Title – Walk in Their Shoes
Author – Sealgirl
Fandom – Ironside
Characters – Chief Robert Ironside, Mark Sanger, Sergeant Ed Brown, Officer Eve Whitfield
A/N – Written for ff100, as well as the lj small fandom flash fiction challenge #12 - Fantasy.
Walk In Their Shoes
Running, walking, jumping, moving. Motion, twisting, turning. Up, down, forward, back. Step up, step down, kneel down, stand up. Stand up. Stand up.
It was always in his dreams, as it was in his every waking moment.
Though he put on that persona, the familiar demeanour that everyone expected and got on with the day-to-day trial of living with no legs, stuck sitting down forever, it was always there, no matter what he did.
He wakes with a slight start, aching down his back and sides, feeling heavy and immobile, like a half-squashed animal. There is an ache down where he legs are, and he knows it's not real, just his imagination playing tricks on him. He doesn't move. He knows the sensation will pass. He's used to it by now.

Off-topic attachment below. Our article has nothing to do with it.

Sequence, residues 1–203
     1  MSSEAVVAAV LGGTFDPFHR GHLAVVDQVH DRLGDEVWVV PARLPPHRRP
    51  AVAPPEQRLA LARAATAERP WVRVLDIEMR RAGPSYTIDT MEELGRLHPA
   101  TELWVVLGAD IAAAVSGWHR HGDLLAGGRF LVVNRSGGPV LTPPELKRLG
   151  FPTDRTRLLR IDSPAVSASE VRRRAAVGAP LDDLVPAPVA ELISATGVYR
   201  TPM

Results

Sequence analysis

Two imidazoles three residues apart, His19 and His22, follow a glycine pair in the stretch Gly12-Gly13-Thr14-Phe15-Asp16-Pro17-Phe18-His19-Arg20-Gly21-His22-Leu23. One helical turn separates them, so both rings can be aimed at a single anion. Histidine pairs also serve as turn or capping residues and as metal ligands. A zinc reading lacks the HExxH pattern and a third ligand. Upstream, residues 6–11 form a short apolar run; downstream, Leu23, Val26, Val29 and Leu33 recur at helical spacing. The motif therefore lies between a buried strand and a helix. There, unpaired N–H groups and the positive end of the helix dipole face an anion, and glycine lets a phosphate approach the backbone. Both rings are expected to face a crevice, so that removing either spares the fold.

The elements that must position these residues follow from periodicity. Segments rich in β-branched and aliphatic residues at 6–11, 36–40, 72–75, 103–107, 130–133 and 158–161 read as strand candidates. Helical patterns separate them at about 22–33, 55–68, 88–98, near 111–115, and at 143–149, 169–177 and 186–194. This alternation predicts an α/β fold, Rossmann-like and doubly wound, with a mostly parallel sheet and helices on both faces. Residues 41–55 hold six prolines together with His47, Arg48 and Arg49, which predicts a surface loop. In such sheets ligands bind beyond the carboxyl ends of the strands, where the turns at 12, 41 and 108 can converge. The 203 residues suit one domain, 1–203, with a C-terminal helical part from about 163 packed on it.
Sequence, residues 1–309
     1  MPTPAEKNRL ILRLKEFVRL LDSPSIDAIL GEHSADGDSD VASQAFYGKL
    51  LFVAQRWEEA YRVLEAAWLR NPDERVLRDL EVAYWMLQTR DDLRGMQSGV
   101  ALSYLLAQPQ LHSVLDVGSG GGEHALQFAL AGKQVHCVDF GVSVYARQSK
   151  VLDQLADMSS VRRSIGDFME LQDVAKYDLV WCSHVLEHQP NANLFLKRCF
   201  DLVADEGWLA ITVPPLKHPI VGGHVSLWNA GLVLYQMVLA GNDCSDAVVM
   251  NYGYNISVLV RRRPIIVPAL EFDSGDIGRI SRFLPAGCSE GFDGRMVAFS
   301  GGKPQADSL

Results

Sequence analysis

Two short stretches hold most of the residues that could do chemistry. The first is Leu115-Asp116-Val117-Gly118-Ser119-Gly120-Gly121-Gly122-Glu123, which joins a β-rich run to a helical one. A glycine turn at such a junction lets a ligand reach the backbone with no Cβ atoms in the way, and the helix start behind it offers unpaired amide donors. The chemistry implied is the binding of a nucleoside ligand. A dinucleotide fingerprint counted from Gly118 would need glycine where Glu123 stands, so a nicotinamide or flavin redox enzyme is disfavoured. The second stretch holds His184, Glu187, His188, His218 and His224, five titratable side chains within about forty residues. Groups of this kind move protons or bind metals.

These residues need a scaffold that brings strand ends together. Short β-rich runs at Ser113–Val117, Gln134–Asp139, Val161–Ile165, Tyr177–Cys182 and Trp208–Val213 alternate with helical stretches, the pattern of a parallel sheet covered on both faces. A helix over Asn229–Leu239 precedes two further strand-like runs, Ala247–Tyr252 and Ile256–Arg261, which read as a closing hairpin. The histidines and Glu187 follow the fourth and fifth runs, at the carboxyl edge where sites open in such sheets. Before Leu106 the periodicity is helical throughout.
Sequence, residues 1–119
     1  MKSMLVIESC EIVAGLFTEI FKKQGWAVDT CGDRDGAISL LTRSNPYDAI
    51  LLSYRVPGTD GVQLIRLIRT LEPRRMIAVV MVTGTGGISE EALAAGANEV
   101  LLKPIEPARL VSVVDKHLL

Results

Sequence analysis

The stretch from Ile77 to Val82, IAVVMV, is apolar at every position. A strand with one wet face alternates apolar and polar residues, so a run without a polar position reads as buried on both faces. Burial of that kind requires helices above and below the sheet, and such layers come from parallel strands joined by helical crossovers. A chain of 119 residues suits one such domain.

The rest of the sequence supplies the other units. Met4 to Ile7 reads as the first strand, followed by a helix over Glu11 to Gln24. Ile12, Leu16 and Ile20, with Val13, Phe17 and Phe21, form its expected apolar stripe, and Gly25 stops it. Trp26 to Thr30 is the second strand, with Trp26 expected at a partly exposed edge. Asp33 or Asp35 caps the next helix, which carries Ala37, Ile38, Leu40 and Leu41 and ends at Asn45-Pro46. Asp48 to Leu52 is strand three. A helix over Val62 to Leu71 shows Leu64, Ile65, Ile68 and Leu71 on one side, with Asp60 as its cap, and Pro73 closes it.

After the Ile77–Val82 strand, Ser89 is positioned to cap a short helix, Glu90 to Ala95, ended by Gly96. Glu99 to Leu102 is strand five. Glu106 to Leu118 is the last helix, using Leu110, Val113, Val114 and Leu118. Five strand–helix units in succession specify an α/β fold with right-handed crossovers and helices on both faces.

There is the faint noise of someone already up and about in the office. Mark is always up early in the morning, studying his books before helping Ironside get out of bed and get dressed. Ironside watches him at the table, his legs crossed, kicking the air lightly as he studies. He watches the foot slowly rise and fall as if hypnotised.
After a while, the homework is finished. Then Mark gets up from his seat and, seeing the Chief awake he goes to the kitchen to get a cup of coffee. His walk is slow, laid-back but controlled, his feet barely raising off the ground. He pads forward like a panther, a predator. No, like a fighter; which is exactly what he was before he came to work for Ironside. His walk gives him away with every step, measured, cautious, ready for action at a moment's notice.
Ironside still watches him in the kitchen. He watches him reach up the top of the fridge to get the sugar down, rising up on the tips of his toes to stretch, and hears him curse Ed for putting it away for far back out of reach. He watches him dart back and forth between the stove and the fridge, taking shorter strides when he carries the coffee over to Ironside's bed.